After a brief lull, Pakistan sponsored terrorists have struck again the union territory of Jammu and Kashmir. The assassination of BJP councillor of Tral, Rakesh Pandita by unidentified terrorists on Thursday is a grim reminder that Pakistan-based terror groups and their front organisations in the valley continue to remain active.
According to security sources, Lashkar-e-Tayyiba (LeT) is behind the killing of the BJP leader.
Analysts say that the Pandita’s assassination sends a clear message. The Pakistani establishment has decided not to engage with Bharat on a peace-track right now.
The militant organisation People’s Anti-Fascist Front (PAFF) has claimed responsibility for the killing. In a statement to local media, PAFF accused Pandita, a BJP leader, of creating a “network of informers, drug traffickers and immoral activities”. The PAFF said it was “keeping an eye on the activities of these forces”.
According to the security agencies, PAFF is a front organisation of LeT. This group is relatively unknown, and name was revealed only after August 2019. Security officials say that the outfit deliberately used words such as “resistance” and “fascist” in its name to convey the false impression that Bharat had adopted an authoritarian approach in its dealings in Kashmir after the abrogation of Article 370 on August 5. 2019.
A security official told Indianarrative.com that high-profile attacks were carried out whenever the situation in Kashmir showed an improvement. “Our neighbour can’t tolerate peace prevailing in the Kashmir valley.” But he added that anti-militancy operations would be further intensified in the days ahead. “Militants will not be allowed to sabotage the peaceful atmosphere.”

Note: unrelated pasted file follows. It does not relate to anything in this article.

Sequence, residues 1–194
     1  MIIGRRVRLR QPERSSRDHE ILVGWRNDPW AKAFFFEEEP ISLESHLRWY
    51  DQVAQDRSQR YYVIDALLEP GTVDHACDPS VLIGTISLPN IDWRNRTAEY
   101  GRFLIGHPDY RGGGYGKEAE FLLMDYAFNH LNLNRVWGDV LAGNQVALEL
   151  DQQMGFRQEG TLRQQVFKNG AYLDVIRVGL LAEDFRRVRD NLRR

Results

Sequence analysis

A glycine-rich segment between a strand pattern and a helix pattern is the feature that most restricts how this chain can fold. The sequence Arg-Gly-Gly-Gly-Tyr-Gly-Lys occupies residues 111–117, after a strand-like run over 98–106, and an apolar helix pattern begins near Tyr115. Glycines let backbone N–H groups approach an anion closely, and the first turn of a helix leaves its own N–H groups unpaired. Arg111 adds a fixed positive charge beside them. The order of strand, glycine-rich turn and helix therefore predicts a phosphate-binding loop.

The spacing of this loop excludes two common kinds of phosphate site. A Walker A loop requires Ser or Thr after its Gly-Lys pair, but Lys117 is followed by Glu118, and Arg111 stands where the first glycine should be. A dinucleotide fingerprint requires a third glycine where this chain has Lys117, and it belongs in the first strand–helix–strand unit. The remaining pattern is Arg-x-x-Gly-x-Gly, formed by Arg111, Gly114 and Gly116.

It is also believed that organisations such as The Resistance Front (TRF) and the People’s Anti-Fascist Front (PAFF) are essentially cyber cells of the LeT whose sole aims are to create havoc and generate communal disharmony in Jammu and Kashmir.
Out of these two, PAFF came into existence in August 2019 and it included members of Pakistan based terror outfits LeT, Jaish e Mohammad (JeM) and Al-Badr. The organisation had released a video of militants brandishing AK-47 rifles after claiming a few attacks on newly designated police personnel of the Union Territory of Jammu and Kashmir. After a few months, in December 2020, another militant group called the United Liberation Front (ULF) operating in Jammu & Kashmir made its first appearance on online platforms. Prior to this, there was no mention of this group or its on-ground activities in the mainstream militant narratives or in the media.
“We won’t allow Israeli-type settler colonies in Kashmir and Bharatiyas who want to settle in those colonies will become its legitimate target,” a masked man warned in the video released on social media, signalling an oft-repeated attempt to internationalise the Kashmir “movement.”
Significantly, the new group’s iconography avoids any religious symbols and identifiers — a recurring feature in militant propaganda, particularly of the new groups such as TRF and PAFF. This marks a tactical shift in self-projection by militant outfits to the outside world.